16:32 GMT11 April 2021
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    A recent Congressional Research Service Report reveals that the US Navy may swap out traditional ships for crewless vessels, which it hopes to develop in the coming years.

    According to the report, the Navy plans on developing and producing several types of large unmanned vehicles (UVs) and is requesting about $580 million in research and development funding for fiscal year 2021 for these UVs and their enabling technologies.

    “The Navy wants to acquire these large UVs as part of an effort to shift the Navy to a more distributed fleet architecture,” the report notes, also indicating that such a fleet would include fewer guided-missile cruisers and destroyers and more frigates and littoral combat ships.

    The report also notes that while smaller UVs can be deployed from manned Navy ships and submarines to “extend the operational reach of those ships and submarines,” large UVs are more likely “to be deployed directly from pier to perform missions that might otherwise be assigned to manned ships and submarines.”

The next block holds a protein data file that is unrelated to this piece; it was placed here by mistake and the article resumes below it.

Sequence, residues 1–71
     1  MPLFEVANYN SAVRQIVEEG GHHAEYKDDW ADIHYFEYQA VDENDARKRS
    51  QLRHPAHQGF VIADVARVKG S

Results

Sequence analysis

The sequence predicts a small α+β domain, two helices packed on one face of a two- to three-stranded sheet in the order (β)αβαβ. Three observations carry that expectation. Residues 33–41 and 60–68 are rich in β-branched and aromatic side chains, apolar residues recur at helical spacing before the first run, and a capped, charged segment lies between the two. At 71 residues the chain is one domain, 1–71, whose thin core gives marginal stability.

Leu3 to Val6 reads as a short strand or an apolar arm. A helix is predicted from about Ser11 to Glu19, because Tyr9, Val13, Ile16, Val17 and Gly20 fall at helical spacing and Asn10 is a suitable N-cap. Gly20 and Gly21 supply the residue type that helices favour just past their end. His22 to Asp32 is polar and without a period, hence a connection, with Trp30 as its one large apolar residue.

In addition, large unmanned surface vehicles (USVs) would be between 200 and 300 feet long and would be able to carry weapons such as “anti-surface warfare and strike payloads, meaning principally anti-ship and land-attack missiles.” The Navy plans on developing two USV prototypes next year, one in 2022 and another in 2023.

    Medium USVs, on the other hand, would be between 45 and 190 feet long and mostly used for electronic warfare systems as well as intelligence, surveillance and reconnaissance payloads. 

    In July, the Navy awarded a $35 million contract to L3 Technologies Inc. to develop a prototype for a medium USV.

    The report also cites a desire to stay ahead of China as one factor behind the Navy’s decision to invest in more unmanned vessels.

    “The Navy wants to employ accelerated acquisition strategies for procuring these large UVs, so as to get them into service more quickly. The Navy’s desire to employ these accelerated acquisition strategies can be viewed as an expression of the urgency that the Navy attaches to fielding large UVs for meeting future military challenges from countries such as China,” the report notes.


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